In The Gar­den

Country Life Every Week - - Contents - Charles Quest-rit­son Charles Quest-rit­son wrote the RHS En­cy­clo­pe­dia of Roses

Charles Quest-rit­son falls back in love with alpine prim­u­las

MANY years ago, we had a Na­tional Col­lec­tion of Prim­u­las that we as­sem­bled un­der the aus­pices of Plant Her­itage, an au­gust hor­ti­cul­tural or­gan­i­sa­tion that was, at that time, called the Na­tional Coun­cil for the Con­ser­va­tion of Plants and Gar­dens (NCCPG). We en­joyed mak­ing the col­lec­tion enor­mously and the gen­eros­ity of our fel­low en­thu­si­asts was im­mensely cockle-warm­ing.

Our prim­ula col­lec­tion was limited to Euro­pean species and cul­ti­vars, but they turned out to be le­gion. My main in­ter­est cen­tred on the Ver­nales sec­tion of the genus Prim­ula, which in­cludes our na­tive prim­roses, cowslips and oxlips. I raised thou­sands of their hy­brid seedlings; some were the re­sult of de­lib­er­ate crosses, but most of them were open-pol­li­nated foundlings freely pro­duced by this most pro­mis­cu­ous of gar­den flow­ers.

I had it in mind that, by cross­ing su­per-hardy species such as the Alpine oxlip P. ela­tior with the Cau­casian P. ju­liae, I might breed a gar­den-wor­thy strain that would flour­ish in such cli­mates as On­tario and the Amer­i­can Mid­west and so make my for­tune.

The NCCPG was keen that its col­lec­tion hold­ers should study their plants and make their own con­tri­bu­tion to hor­ti­cul­tural lit­er­a­ture. We soon dis­cov­ered, how­ever, that so many bril­liant botanists and gar­den­ers had worked with the genus that we’d never be able to add to the ex­ist­ing cor­pus of knowl­edge.

We were greatly helped by my run of old Alpine Gar­den So­ci­ety Jour­nals, which stretches back to the post-se­cond World War years in which plant-hun­ters were keen to tell their read­ers ex­actly where they had found the rare plants that they de­scribed. As a re­sult, it was easy for us to run them to earth in the Alpine re­gions where they oc­cur in na­ture.

I re­mem­ber find­ing Prim­ula marginata all over the Roya val­ley in the Alpes-mar­itimes and a mem­o­rable day in early March when Wil­liam Water­field took Chris Brick­ell and me on a long hike to find P. al­lionii flow­er­ing at a height at which we could pho­to­graph it. Then there were happy meet­ings with the ubiq­ui­tous P. hir­suta and its rarer rel­a­tive P. pede­mon­tana when the snows melted and the ski­ing re­sorts of Savoy seemed derelict and aban­doned.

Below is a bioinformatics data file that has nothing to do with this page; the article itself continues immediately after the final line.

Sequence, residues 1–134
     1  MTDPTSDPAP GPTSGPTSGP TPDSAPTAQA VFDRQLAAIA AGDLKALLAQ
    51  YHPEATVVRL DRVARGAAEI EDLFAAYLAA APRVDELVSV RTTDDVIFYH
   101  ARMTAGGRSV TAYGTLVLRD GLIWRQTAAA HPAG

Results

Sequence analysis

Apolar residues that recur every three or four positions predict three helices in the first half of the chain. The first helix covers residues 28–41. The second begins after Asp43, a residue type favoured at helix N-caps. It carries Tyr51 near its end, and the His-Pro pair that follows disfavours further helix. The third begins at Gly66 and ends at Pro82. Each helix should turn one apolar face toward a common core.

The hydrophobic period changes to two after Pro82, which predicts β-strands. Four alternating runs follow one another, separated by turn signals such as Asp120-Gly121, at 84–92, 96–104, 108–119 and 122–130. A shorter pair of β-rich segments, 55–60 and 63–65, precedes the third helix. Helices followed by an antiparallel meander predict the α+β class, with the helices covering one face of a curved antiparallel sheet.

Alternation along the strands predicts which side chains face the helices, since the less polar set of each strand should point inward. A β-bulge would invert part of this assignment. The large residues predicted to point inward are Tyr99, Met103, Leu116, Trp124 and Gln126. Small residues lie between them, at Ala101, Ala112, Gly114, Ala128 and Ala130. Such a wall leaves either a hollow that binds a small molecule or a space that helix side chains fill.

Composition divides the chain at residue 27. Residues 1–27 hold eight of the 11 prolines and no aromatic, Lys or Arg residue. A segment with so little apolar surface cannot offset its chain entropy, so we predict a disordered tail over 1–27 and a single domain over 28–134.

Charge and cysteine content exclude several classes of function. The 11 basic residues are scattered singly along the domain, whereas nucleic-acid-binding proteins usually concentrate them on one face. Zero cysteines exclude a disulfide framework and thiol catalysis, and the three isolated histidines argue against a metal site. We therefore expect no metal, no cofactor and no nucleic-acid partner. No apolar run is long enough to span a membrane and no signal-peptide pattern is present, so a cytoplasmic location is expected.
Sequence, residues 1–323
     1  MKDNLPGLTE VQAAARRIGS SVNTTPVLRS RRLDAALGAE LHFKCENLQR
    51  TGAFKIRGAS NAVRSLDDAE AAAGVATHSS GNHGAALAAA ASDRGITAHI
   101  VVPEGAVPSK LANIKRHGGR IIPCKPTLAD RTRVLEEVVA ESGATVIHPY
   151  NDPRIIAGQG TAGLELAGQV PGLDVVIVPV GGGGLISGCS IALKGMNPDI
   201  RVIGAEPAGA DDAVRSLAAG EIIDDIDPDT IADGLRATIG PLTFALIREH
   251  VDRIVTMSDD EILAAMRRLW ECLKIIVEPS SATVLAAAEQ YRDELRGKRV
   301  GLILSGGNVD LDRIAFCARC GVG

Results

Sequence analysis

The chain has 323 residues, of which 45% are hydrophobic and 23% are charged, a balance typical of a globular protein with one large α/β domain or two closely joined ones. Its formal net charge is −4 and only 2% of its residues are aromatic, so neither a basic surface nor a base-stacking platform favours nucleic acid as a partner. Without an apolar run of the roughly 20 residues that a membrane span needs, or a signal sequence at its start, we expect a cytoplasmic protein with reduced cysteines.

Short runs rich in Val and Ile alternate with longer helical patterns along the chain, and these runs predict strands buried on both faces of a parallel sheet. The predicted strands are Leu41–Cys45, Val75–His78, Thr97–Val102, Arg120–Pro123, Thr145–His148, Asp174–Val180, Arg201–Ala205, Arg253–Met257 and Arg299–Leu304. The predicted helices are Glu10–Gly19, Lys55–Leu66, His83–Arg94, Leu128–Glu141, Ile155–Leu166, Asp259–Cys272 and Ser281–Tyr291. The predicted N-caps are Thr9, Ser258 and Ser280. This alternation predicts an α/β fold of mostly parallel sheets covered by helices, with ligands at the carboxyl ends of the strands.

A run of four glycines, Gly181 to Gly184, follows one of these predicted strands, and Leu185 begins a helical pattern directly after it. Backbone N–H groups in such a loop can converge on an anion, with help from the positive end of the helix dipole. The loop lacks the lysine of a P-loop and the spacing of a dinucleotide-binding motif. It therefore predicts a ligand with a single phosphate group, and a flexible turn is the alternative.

We hunted for other species all through the Alpine ranges un­til we came to the diminu­tive P. min­ima in the Ta­tra Moun­tains. We never dug them up, nor were we even tempted to do so, be­cause the many botanic in­sti­tutes that run Alpine gar­dens in France, Switzer­land and Italy were so gen­er­ous in send­ing us seeds and plants.

We grew our Alpine prim­u­las in an un­heated green­house—cold but dry, as win­ter wet is their un­do­ing—and it was a great joy to go into the glasshouse on a sunny day in Fe­bru­ary and March to ad­mire not just their rich colours, but also the size of their flow­ers in re­la­tion to the rest of the plant.

Some­thing none of the books and ar­ti­cles on prim­u­las ever men­tioned was what a strong scent they have, dif­fer­ent from that of prim­roses and cowslips, but no less sweet. Alas, we did not know about vine wee­vils in those days; one year, we lost al­most all our pots. This dis­as­ter, the re­sult of our ig­no­rance, dented our con­fi­dence so com­pletely that we de­cided not to re­build our col­lec­tion.

Alpine prim­u­las are not as widely grown as they used to be. Am­bi­tious plants­men nowa­days fill their un­heated glasshouses with dif­fi­cult plants from South Amer­ica such as ro­su­late vi­o­las and un­named species of No­totriche, but I have a han­ker­ing still for our Euro­pean prim­u­las, their brave early flow­er­ing, their sim­ple, cheer­ful beauty and that de­li­cious scent. Changes of fash­ion are one of the main rea­sons why good plants be­came rare or even com­pletely lost to cul­ti­va­tion, so now, per­haps, is the right time to start a new col­lec­tion. The in­sec­ti­cide Provado Vine Weevil Killer will pro­tect us from wee­vils.

As for the Ver­nales prim­u­las, we have al­ready dis­cov­ered that prim­roses and cowslips flour­ish in the chalk down­land that we call our gar­den and their promis­cu­ity re­mains un­abated. Per­haps if I add some of the rarer species such as the su­per-florif­er­ous, mauve P. mega­seifo­lia and the dainty, droopy P. gran­dis, I may yet pro­duce new strains of im­mor­tal beauty, but I don’t ex­pect them to make my for­tune.

‘Some­thing none of the books men­tioned was their scent

Pur­ple patch: Prim­ula marginata, or the sil­ver-edged prim­rose, is one of the ear­li­est of the species to bloom in the spring

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